Facing a projected $79 million deficit as state budget negotiations are about to begin, the Pennsylvania State System of Higher Education is seeking help from outside experts to realign operations that Chancellor Frank Brogan last week called unsustainable.
The deficit comes to about $750 for each of the 105,000 students enrolled in the 14 state-owned universities, including California, Clarion, Edinboro, Indiana and Slippery Rock universities in Western Pennsylvania. It represents $49 million in added contract costs, $20 million in additional health care and pension costs and $10 million in anticipated increases for utilities, development and financial aid programs.
Officials at the agency that oversees state-owned universities expect to hire a consultant for a sweeping study of the system and its stakeholders this month.
State System spokesman Kenn Marshall said officials are reviewing proposals from consultants who responded to a call to gather data and analyze issues including the number and location of universities, programs and personnel necessary to meet the mission of providing “high quality education to students at the lowest possible cost to students.”
Citing exemptions in the state’s Right to Know law, Marshall declined to identify the consultants who submitted proposals.
Those close to the State System say demographics that fueled declining enrollments coupled with stagnant state subsidies and increasing costs, left it few options.
Sam Smith, who retired from the General Assembly as speaker of the House two years ago, chairs the council of trustees at Indiana University of Pennsylvania.
“Most everyone agrees the universities are facing significant challenges. It makes everybody a little nervous, but somebody needed to do this,” Smith said. “You can’t grow yourself out of these financial difficulties. It’s hard to talk about it because it sounds like you’re against your institutions, but it’s good that they’re doing it.”
Smith, who also sits on the board of Temple University in Philadelphia, said it is a matter of the state system taking the lead or being told what to do by the Legislature. He worries that failure to engage the Legislature could make the report a hard sell in Harrisburg.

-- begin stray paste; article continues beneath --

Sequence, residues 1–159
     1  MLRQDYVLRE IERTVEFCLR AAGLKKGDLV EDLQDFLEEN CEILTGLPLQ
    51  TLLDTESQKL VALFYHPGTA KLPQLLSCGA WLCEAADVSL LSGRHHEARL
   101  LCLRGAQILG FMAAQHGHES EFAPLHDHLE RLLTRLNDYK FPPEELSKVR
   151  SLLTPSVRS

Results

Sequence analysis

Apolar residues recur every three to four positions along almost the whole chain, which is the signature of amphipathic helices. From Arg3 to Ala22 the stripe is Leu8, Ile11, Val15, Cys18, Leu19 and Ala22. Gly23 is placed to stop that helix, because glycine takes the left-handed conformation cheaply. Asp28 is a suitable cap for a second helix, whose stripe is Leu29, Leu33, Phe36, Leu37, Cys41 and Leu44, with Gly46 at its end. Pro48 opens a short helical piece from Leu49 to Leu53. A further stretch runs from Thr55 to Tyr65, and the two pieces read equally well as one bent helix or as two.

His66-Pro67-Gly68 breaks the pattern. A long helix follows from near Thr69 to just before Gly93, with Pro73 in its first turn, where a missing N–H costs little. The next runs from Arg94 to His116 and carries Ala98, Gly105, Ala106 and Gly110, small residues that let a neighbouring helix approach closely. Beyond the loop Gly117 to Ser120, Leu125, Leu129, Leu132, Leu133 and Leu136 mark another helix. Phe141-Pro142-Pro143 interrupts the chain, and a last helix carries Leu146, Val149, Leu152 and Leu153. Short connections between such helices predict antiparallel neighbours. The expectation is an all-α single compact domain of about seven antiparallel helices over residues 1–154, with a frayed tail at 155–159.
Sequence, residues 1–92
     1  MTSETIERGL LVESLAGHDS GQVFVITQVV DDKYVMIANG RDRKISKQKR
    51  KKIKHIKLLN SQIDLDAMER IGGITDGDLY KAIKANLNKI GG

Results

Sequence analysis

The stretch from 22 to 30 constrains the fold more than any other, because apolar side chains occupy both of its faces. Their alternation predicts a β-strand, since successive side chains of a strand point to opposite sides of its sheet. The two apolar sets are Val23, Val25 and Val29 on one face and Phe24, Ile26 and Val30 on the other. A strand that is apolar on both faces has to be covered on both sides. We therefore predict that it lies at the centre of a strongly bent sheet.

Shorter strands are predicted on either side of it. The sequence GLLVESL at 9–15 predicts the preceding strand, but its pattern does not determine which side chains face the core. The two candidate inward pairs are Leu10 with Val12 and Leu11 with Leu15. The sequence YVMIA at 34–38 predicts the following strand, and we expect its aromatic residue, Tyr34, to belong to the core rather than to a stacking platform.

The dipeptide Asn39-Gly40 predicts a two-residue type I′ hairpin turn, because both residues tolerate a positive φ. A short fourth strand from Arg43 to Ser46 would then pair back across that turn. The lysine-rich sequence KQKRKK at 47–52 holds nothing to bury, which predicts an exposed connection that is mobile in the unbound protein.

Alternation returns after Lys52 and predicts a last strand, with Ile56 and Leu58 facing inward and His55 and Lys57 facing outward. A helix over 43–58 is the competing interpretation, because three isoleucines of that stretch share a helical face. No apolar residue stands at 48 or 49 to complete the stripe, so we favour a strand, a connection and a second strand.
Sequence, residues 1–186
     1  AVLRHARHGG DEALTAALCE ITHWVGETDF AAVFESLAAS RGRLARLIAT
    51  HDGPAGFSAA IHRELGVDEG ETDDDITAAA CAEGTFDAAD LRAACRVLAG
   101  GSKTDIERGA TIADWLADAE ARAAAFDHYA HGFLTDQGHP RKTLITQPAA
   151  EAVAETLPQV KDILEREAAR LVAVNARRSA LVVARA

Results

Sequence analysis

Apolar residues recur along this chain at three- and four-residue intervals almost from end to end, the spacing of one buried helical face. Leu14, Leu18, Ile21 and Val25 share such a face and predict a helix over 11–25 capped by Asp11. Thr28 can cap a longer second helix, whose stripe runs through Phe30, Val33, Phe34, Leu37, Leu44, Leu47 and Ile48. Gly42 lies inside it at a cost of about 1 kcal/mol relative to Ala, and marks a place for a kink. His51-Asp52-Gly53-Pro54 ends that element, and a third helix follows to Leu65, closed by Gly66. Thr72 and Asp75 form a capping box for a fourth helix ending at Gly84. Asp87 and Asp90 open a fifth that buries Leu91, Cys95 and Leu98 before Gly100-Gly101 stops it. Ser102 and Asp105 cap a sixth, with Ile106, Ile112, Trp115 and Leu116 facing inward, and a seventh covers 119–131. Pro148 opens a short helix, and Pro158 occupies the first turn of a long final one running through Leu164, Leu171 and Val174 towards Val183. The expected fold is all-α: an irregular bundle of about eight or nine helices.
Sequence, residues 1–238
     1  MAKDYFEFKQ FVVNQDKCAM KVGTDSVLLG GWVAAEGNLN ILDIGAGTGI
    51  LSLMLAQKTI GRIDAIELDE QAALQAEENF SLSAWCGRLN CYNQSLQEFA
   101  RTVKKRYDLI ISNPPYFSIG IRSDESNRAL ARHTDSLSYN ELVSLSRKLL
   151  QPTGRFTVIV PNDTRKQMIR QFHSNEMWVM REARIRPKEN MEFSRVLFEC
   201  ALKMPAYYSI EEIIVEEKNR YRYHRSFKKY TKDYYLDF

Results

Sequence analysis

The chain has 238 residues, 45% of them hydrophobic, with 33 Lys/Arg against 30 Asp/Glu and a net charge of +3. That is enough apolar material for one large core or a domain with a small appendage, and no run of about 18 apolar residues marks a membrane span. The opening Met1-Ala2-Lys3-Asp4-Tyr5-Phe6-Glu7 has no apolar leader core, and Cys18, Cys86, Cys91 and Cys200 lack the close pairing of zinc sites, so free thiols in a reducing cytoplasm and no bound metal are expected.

Faculty leaders say they, too, want to be part of the process.
“It’s always our position that our universities are filled with very talented people, and the system ought to first check the resources at its disposal before venturing out to hire consultants,” said Ken Mash, president of the Association of Pennsylvania State College and University Faculties.
Jeff Deneen — who heads the higher education practice at Bain and Co. in Atlanta — hasn’t been involved with state-system universities, but he has studied the numbers nationwide and said the Pennsylvania schools aren’t alone.
“Many people thought after the great recession, everything would bounce back and it would be fine. But we did a study in 2012 and found one-third of the nation’s universities were on an unsustainable path,” Deneen said.
He said state systems of higher education in Georgia and Louisiana have merged campuses to address the issue.
“It makes a lot of sense driving down administrative costs, but I also worry there’s not enough strategy driving devaluations. There has to be a broader view of strategy,” he said. “At the system level, you have to think about, ‘What are we trying to achieve for the people of Pennsylvania?’ and, ‘What role should each of the campuses in our portfolio play in helping us do that?’”
Michael Poliakoff, executive director of the American Council of Trustees and Alumni in Washington, D.C., said university systems in Florida, Maryland and Arizona have shown that student success rates can increase as schools move to cut costs.
Even the wealthiest private universities have moved to reduce costs recently, Poliakoff said.
“The shared course initiative at Columbia, Cornell and Yale uses interactive video to maintain courses in low enrolled foreign languages that could not be maintained otherwise,” he said. “The state system is an extraordinary resource for Pennsylvania. And right now it is at a point where it needs to be looking at different way of delivering resources to students.”
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